From the Worldwide Faith News archives


Date 05 May 1996 07:34:47


                     by Jerry L. Van Marter 
LOUISVILLE, Ky.--After seeming to issue enough paper to deforest 
1,000 acres, the General Assembly's Committee on Reconciliation 
disappeared behind closed doors Jan. 25-26 and held virtually all 
of its third meeting in executive session. 
     In a five-minute open session at the end of the two days, 
General Assembly moderator the Rev. Robert W. Bohl announced that 
the committee will convene again -- March 1-2 in Louisville. 
     The January meeting began in separate rooms.  The nine-member 
delegation appointed by Bohl and the eight-member contingent 
selected by the Presbyterian Lay Committee (PLC) caucused 
separately all day Jan. 25 to review a five-page summary of 
criticisms of the PLC's periodical, "The Presbyterian Layman," 
prepared by Bohl's appointees, and a 24-page rebuttal issued by the 
Lay Committee. 
     In a brief open session at the end of the day, the reconcilers 
conceded that little progress had been made since the group held 
its first meeting Nov. 1 of last year.  They also agreed on the 
futility of continuing to exchange written lists of charges and 
     "I think we all set our sights very high when we began this," 
said Al Warren of Grosse Point, Mich., one of Bohl's appointees.  
"But as I have reflected, we really haven't made the degree of 
progress I had hoped for, so I have lowered my sights."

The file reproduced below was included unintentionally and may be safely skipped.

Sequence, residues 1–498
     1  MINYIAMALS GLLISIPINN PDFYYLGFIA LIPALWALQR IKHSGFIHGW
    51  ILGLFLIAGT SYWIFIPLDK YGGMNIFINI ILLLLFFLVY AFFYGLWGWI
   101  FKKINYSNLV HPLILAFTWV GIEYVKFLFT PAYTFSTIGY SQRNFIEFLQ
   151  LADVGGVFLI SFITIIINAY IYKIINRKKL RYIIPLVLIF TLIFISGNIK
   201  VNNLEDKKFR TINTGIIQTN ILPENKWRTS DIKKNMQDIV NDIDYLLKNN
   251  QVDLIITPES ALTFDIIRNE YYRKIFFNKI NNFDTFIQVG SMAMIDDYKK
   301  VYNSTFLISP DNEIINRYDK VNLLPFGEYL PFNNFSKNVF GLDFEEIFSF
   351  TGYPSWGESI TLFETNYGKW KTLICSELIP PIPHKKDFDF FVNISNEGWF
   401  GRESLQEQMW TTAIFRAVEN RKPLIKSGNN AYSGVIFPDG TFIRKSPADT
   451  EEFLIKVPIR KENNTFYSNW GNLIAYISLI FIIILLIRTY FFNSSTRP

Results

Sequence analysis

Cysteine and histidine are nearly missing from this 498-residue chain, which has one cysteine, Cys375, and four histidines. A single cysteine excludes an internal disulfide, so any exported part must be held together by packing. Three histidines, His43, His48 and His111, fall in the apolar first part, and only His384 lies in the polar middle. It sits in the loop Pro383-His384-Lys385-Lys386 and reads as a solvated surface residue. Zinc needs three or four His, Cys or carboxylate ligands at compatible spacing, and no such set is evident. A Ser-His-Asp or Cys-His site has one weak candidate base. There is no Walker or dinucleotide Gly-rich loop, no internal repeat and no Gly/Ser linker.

Speaking in favor of going into executive session for the 
second day of the meeting, Warren added, "Somewhere along the line, 
we have to talk about personnel and personalities.  We don't need 
more papers -- now we need to talk face-to-face about collaborative 
commitment and move beyond haranguing to frank and earnest 
     More paper was still to come, however.  Robert L. Howard, PLC 
vice-chair and an attorney from Wichita, responded, "I had hoped 
we could come up with a statement of principles on the boundaries 
of our faith, because it seems to me the Book of Order and Book of 
Confessions are pretty clear.  We are critical because we believe 
those boundaries are often exceeded." 
     Howard then brought to the Jan. 26 executive session a four- 
page "statement of principles" entitled "Reformed Theology: The 
Roadway to Reconciliation." 
     After caucusing briefly to review the document, Bohl's 
delegation rejected the paper.  Later, Bohl told the Presbyterian 
News Service, "We dismissed the paper because it was an editorial 
about what's wrong with the Presbyterian Church, not a theological 
     Bohl said the PLC "is attempting to micro-manage the 
Presbyterian Church."   He added, "My hope had always been that 
there would be room for kindness and grace as long as we believe 
in the same Lord Jesus Christ, but I don't see much kindness and 
     As an example, Bohl pointed to a statement in Howard's paper: 
"...This committee believes that neither our church nor the world 
needs any more `cutting edge theology' if it neglects or ignores 
the revealed word of God.  Rather, we believe we need the sharp 
scalpel of the gospel to cut out the cancerous tumors of paganism 
and secularism that are consuming the body of Christ, rendering our 
witness weak and ineffective, while destroying civilization." 
     "Where is the grace, where is the forgiveness, where is the 
renewal in a statement like that?" the moderator queried.   
     Yet, the moderator stressed that he is not ready to give up 
on the peace process.  "I am neither optimistic nor pessimistic 
about this reconciliation effort," Bohl continued.  "Rather, I am 
hopeful, because hope is the ground of our faith." 
     In a Jan. 31 interview with the Presbyterian News Service, PLC 
chair Warren Reding agreed.  "I am hopeful the Reconciliation 
Committee will move in a direction where we will start to make some